There’s plenty going on in the first ‘part’ (the book is 180k~ long, and part one of four is around a third of that) but I did feel that it was a little bit of a slow burn. That is in part due to the sections devoted to discussions between Annev and Sodar, his mentor, who question the status quo that the Academy upholds, and explores the possibilities of the forbidden magic that the two of them can wield (or in Annev’s case is learning to wield). Some of these sections feel a bit like exposition, but they are necessary to truly appreciate the depth of world-building and how this impacts on the story and the plot. At the end of part one (and between the subsequent parts) the reader is run through another ‘excerpt’ of lore, before being launched into the much faster-paced parts two, three and four. This is when the story really took off for me, and like with the pre-chapter one sections, the building at the beginning really helped the story set up so that when it got going, it really got going.
However, this does bring me to my one and only major reservation – the presence of female characters. Hiu Gregg has already raised this in his review, and I agree with his thoughts and sentiments. There is only one (and I am stealing Hiu’s words here because I can’t put it any better) ‘recurring female character’ amongst a main cast of males. Don’t get me wrong, the women in the supporting cast are written well, and the recurring character I speak of, Myjun, is well-rounded; but she is also Annev’s romantic interest, which overshadowed her somewhat.
The reason for the apparent lack of female presence is explained in the setting as the Academy’s students are all male. Women do feature in the story, and, specifically, the witwomen are incredibly skilled and strong in their own right, with a very interesting and important purpose separate but joined to the Academy. Yet, I can’t help but think that there should be more women taking centre stage in the story. Especially in part one (a good third of the book), the males get a lot of page time in the Academy, but apart from a chapter or two in which they are joined by the witwomen trainees, the only female to stand out is Myjun, and that is because Annev is infatuated with her.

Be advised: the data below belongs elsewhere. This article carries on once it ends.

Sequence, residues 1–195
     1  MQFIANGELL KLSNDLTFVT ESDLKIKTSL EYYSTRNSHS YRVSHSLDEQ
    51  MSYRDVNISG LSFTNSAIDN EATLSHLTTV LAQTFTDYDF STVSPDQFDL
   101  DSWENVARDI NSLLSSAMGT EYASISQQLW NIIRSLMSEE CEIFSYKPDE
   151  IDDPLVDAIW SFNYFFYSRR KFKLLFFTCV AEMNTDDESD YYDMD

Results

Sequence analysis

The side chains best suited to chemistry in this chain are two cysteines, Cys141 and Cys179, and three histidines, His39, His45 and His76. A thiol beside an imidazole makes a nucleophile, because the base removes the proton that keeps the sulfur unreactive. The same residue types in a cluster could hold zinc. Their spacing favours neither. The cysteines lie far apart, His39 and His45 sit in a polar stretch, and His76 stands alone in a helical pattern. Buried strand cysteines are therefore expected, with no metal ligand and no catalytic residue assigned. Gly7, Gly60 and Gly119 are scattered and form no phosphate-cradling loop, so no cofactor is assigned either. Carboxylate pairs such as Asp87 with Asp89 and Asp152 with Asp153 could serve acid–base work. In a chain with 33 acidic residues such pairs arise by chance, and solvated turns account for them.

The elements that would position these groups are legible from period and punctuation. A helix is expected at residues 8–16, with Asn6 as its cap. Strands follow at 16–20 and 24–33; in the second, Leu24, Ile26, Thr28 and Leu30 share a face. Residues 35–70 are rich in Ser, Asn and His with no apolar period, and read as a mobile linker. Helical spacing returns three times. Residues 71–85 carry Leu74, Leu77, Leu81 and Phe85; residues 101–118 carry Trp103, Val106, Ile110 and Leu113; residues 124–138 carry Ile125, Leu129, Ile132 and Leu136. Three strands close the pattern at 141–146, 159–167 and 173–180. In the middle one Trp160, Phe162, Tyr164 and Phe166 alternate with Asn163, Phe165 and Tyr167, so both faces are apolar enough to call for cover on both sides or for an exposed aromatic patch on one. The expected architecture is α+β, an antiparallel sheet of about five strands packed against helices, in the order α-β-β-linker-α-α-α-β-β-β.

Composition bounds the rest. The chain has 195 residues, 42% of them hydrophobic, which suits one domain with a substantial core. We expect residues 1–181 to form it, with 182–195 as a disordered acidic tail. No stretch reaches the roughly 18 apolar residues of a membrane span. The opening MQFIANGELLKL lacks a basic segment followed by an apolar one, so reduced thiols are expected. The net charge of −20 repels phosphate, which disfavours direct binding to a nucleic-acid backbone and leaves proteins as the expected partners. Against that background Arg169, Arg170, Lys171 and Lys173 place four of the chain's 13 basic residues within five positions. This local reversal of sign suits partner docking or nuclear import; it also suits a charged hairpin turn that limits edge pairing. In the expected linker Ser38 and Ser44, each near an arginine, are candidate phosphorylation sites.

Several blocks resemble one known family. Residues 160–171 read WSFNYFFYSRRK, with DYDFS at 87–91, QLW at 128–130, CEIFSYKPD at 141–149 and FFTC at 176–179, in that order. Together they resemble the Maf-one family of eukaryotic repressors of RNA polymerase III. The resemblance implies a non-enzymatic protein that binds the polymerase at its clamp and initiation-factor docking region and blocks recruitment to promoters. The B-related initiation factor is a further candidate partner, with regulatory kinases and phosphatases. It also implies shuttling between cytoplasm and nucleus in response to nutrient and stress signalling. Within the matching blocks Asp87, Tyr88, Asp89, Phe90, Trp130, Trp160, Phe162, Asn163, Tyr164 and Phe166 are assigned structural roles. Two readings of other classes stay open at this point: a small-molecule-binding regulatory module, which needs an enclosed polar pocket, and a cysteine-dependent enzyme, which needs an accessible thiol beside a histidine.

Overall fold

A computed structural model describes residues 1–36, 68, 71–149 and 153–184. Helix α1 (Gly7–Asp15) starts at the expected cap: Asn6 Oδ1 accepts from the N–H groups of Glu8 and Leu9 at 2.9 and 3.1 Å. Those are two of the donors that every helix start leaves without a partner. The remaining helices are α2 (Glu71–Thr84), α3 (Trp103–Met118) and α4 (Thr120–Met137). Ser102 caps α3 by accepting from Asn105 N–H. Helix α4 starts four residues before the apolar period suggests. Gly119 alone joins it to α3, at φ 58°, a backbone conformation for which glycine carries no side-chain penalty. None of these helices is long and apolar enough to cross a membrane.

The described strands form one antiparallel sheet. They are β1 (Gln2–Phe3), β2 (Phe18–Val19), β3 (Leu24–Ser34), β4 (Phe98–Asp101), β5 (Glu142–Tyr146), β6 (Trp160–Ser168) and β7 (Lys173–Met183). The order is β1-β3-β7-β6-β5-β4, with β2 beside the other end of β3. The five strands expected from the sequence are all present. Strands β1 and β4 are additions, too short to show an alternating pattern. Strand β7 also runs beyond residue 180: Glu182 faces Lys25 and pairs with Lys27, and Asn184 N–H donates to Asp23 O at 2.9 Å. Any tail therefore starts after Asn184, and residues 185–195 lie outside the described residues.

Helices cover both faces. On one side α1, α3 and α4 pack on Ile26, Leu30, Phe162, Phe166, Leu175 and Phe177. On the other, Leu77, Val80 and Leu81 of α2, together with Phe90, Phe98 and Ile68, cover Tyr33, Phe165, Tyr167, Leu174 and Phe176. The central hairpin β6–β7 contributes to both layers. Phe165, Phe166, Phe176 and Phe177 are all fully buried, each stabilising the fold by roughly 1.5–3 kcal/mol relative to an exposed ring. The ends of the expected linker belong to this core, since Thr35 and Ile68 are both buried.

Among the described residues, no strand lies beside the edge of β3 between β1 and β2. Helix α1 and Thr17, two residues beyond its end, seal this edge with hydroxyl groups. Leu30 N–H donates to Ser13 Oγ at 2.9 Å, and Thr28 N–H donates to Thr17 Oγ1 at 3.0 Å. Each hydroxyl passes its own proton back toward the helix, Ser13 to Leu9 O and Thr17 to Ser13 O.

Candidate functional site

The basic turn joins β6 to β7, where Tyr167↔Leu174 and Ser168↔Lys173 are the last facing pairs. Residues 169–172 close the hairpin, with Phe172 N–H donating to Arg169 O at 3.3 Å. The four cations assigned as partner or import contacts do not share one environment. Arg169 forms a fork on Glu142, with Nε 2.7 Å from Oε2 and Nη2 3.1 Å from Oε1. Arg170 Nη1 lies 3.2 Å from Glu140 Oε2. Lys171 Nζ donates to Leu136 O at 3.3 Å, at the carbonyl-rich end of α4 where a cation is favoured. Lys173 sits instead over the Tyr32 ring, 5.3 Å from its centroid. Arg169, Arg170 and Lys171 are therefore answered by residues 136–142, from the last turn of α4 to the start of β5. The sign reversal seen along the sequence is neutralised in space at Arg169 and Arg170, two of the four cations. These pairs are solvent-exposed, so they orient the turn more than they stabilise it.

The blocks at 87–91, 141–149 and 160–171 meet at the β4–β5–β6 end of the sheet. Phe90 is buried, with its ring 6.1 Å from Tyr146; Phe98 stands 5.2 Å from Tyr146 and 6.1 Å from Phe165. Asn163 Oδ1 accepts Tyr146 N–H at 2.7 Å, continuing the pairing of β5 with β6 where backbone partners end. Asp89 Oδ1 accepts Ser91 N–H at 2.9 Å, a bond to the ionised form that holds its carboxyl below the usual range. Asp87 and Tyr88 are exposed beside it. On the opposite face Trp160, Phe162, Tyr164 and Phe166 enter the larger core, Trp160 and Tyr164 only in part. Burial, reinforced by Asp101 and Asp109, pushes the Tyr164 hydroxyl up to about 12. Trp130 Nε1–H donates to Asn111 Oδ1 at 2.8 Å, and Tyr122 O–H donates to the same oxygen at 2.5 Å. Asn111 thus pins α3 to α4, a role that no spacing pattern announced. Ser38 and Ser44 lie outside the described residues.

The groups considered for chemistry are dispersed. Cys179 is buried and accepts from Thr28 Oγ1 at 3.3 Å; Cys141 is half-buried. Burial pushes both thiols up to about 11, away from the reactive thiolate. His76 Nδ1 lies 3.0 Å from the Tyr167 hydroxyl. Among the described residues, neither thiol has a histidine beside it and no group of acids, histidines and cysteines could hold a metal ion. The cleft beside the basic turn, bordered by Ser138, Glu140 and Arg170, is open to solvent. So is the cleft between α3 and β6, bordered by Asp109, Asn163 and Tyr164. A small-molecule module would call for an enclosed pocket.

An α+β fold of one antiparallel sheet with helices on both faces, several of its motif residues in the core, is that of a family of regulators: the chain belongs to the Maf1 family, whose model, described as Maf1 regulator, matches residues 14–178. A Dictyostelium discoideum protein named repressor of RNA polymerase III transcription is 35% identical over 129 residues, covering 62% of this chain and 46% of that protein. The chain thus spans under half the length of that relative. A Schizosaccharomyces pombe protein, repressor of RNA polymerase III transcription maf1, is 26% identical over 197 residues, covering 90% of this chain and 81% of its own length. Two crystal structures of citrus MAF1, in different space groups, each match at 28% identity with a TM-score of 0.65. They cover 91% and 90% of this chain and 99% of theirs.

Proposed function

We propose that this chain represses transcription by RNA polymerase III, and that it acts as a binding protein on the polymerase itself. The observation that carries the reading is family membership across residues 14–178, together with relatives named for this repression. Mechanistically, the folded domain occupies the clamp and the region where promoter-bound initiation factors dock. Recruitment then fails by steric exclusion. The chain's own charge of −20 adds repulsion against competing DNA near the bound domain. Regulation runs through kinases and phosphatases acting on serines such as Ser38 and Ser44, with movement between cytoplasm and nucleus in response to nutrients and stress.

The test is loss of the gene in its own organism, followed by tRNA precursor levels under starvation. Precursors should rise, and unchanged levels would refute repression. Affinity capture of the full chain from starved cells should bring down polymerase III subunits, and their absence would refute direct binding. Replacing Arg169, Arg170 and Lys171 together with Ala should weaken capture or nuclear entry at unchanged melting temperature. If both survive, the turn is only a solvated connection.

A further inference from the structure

I have to stress that this reservation isn’t a slight or ‘shade’/’salt’ (why do all these words begin with S?) on an otherwise well-rounded and promising debut; but for those hoping to see more female characters in fantasy fiction, myself included, you might be disappointed in this initial outing. It is key to note that representation of women does improve throughout the book, and there are signs that the author will be tackling this representation in the rest of the series. On this, I for one am more than willing to go with the in-world flow and see where it takes us.
The back-cover states this will be perfect for fans of Brandon Sanderson, Trudi Canavan, Brent Weeks and the Maze Runner. Whilst I agree with all of these, especially Sanderson (Mistborn for prophecy/destiny and Way of Kings for artefacts), Weeks and The Maze Runner, I would additionally liken this to The Faithful and the Fallen series by John Gwynne for his twisted tropes and the purpose of prophecy, and The Poppy War by Rebecca Kuang (R F Kuang), for multiple aspects, including the coming of age / magic school plot, and the dark fantasy vibes.
To answer my earlier question – yes, this book is well worth buying into. As others have pointed out, it’s a classic epic fantasy filled with time honoured tropes, told in a modern voice. Part of me wanted more ‘hero destined to be a villain’ as per the tag line, but I am more than impressed with the way this story unfolded. I’m reminded of ‘one man’s terrorist is another man’s freedom fighter’ and how different the world can be depending on your birth (i.e. where you are born, what you look like, who your parents are etc.), and I really appreciated how these were explored.
Master of Sorrows is an EPIC start to a series with plenty of promise. It’s a nostalgic romp of classic fantasy in a brave new world, which I have high hopes for in the future.